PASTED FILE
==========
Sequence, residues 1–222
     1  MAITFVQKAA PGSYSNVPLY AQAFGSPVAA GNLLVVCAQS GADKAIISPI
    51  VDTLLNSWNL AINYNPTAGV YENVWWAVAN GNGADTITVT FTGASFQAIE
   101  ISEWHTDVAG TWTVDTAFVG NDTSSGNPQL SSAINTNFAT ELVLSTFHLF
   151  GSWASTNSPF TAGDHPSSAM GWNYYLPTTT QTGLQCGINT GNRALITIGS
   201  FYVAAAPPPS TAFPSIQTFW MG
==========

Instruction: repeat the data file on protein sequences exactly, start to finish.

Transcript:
Sequence, residues 1–222
     1  MAITFVQKAA PGSYSNVPLY AQAFGSPVAA GNLLVVCAQS GADKAIISPI
    51  VDTLLNSWNL AINYNPTAGV YENVWWAVAN GNGADTITVT FTGASFQAIE
   101  ISEWHTDVAG TWTVDTAFVG NDTSSGNPQL SSAINTNFAT ELVLSTFHLF
   151  GSWASTNSPF TAGDHPSSAM GWNYYLPTTT QTGLQCGINT GNRALITIGS
   201  FYVAAAPPPS TAFPSIQTFW MG